How to Not Talk About Policy
Matt Yglesias says that his years in D.C. have made him more respectful of the deep and authentic ideological differences between people, but more shocked at "the high degree cynicism and immorality displayed in big-time politics."
Senators who genuinely do believe that carbon dioxide emissions are contributing to a global climate crisis seem to think nothing of nevertheless taking actions that endanger the welfare of billions of people on the grounds that acting otherwise would be politically problematic in their state. In other words, they don’t want to do the right thing because their self-interest points them toward doing something bad. But it’s impossible to imagine these same senators stabbing a homeless person in a dark D.C. alley to steal his shoes. And what’s more, the entire political class would be (rightly!) shocked and appalled by the specter of a senator murdering someone for personal gain. Yet it’s actually taken for granted that “my selfish desires dictate that I do x” constitutes a legitimate reason to do the wrong thing on important legislation.
I'd add to this: I'm consistently surprised by the resistance to admitting the human impact of policy changes. It would be, for instance, very uncouth to say that a coal-state senator who opposed climate change legislation was literally consigning thousands of people to death in order to protect hometown interests. That's a very mean thing to say. Senator so-and-so doesn't want to kill people, he just wants to be reelected. But that's what he's doing. He has constituents and polls and pressures. Similarly, a lot of the congressmen who are opposing health-care reform are, again, ensuring that tens of thousands of people will die from inadequate access to health care. But you're not supposed to say that.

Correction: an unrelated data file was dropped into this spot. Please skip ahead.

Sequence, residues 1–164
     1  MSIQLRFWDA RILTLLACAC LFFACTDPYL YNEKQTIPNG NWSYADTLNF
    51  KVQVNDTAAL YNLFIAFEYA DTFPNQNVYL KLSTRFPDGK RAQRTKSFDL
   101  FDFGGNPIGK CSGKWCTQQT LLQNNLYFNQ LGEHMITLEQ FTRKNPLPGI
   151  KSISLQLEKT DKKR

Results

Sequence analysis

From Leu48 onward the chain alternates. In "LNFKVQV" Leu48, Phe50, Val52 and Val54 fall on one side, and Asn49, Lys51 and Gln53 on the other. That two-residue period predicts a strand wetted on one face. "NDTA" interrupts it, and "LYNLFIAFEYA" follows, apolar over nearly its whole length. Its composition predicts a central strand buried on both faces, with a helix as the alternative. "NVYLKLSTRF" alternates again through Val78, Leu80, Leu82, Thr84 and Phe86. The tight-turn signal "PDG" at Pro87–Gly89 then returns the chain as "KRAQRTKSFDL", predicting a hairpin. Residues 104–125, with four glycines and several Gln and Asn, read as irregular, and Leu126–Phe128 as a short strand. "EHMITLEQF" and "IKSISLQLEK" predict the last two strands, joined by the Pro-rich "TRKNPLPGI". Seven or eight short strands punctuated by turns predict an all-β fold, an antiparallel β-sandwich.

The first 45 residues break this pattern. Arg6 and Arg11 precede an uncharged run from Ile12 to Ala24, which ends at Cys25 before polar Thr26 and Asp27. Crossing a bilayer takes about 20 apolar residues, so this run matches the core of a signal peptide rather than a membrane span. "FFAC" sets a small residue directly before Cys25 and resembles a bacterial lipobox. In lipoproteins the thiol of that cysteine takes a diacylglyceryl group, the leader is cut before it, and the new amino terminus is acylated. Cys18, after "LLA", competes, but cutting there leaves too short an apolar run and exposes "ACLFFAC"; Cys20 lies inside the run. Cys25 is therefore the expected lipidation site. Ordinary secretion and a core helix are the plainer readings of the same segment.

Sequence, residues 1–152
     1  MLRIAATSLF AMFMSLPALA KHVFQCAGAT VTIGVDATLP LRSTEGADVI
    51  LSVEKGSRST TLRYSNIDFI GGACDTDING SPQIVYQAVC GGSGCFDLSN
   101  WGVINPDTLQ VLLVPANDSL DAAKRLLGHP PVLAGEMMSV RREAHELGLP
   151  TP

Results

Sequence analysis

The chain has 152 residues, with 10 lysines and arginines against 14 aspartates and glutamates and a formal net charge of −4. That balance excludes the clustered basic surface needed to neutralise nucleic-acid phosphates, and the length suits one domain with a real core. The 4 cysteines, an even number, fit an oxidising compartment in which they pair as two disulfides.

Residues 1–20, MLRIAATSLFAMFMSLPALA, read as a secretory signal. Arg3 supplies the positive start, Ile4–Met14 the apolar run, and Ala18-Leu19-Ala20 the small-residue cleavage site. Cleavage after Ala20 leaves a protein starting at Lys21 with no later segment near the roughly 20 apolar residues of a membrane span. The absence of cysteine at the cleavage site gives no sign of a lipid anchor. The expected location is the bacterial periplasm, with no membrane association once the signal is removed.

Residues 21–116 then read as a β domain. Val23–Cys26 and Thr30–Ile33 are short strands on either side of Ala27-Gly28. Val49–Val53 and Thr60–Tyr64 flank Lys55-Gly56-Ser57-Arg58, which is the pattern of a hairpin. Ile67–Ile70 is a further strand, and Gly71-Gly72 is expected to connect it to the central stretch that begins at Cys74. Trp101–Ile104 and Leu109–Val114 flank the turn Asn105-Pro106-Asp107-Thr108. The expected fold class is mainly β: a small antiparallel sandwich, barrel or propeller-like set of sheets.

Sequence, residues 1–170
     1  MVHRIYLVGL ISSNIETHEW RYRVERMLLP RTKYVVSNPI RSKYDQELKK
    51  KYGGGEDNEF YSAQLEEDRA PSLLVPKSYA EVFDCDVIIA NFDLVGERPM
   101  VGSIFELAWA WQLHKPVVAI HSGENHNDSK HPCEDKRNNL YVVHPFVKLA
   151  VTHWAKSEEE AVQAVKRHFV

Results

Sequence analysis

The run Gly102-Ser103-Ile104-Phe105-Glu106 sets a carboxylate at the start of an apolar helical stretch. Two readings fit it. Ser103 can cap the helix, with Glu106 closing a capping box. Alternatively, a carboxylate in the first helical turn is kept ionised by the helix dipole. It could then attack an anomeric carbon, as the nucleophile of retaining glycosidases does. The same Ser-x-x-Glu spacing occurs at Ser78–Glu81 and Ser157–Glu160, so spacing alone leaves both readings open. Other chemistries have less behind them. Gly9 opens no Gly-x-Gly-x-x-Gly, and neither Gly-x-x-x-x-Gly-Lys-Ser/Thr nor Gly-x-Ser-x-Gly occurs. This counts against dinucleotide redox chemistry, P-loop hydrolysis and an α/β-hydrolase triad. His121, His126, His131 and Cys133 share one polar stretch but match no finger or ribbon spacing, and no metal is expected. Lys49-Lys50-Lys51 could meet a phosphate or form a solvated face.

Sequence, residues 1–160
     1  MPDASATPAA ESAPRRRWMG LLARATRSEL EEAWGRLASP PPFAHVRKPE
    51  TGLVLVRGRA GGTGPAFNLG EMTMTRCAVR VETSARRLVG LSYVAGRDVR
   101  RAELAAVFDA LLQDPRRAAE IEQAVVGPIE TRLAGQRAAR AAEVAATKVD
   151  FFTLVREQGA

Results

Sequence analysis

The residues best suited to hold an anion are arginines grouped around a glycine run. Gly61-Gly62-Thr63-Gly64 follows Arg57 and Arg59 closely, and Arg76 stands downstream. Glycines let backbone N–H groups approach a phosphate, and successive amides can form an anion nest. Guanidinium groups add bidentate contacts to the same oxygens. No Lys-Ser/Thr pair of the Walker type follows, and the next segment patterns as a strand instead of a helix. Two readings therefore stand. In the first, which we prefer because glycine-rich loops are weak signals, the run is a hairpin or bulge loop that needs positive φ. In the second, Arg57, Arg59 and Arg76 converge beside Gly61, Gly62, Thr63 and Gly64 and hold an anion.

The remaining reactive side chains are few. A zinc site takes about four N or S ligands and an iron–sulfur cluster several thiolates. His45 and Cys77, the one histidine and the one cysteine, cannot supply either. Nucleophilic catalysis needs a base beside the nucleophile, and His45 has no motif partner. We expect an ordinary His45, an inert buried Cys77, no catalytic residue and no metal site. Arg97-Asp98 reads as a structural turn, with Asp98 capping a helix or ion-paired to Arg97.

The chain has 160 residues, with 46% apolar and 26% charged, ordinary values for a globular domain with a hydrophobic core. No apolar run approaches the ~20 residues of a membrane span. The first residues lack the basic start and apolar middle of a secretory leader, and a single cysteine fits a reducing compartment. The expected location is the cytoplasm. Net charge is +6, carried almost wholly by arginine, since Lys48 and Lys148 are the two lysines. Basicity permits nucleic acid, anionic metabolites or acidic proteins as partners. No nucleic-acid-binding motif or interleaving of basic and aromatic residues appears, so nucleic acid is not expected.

It's a bit weird. Obviously, you can make the argument that a philosophical opposition to the public option is more important than 100,000-plus lives over a 10-year period, or you can say that a cost-benefit analysis suggests that the expense of saving those people is too great, or you can try and make an argument that more lives will actually be expended because the health-care system will sharply deteriorate.
But no one ever has to make those arguments directly because these debates take place at a high level of abstraction. That's how you get weird situations wherein a congressman who has spent two decades enriching industry and voting to cut Medicaid and welfare can be run out of office because he crossed an ethical line and had an affair or took a kickback. The moral dimension is entirely absent in discussions of policy, as if we've all signed some agreement admitting that the cost to civility would be too great if we took the implications of each vote seriously. This also has the side impact of making policy seem much more boring than it is, because what's interesting and immediate about policy is what it does, but we tend to focus on how it works, and whether it can pass.
August 20, 2009; 12:48 PM ET
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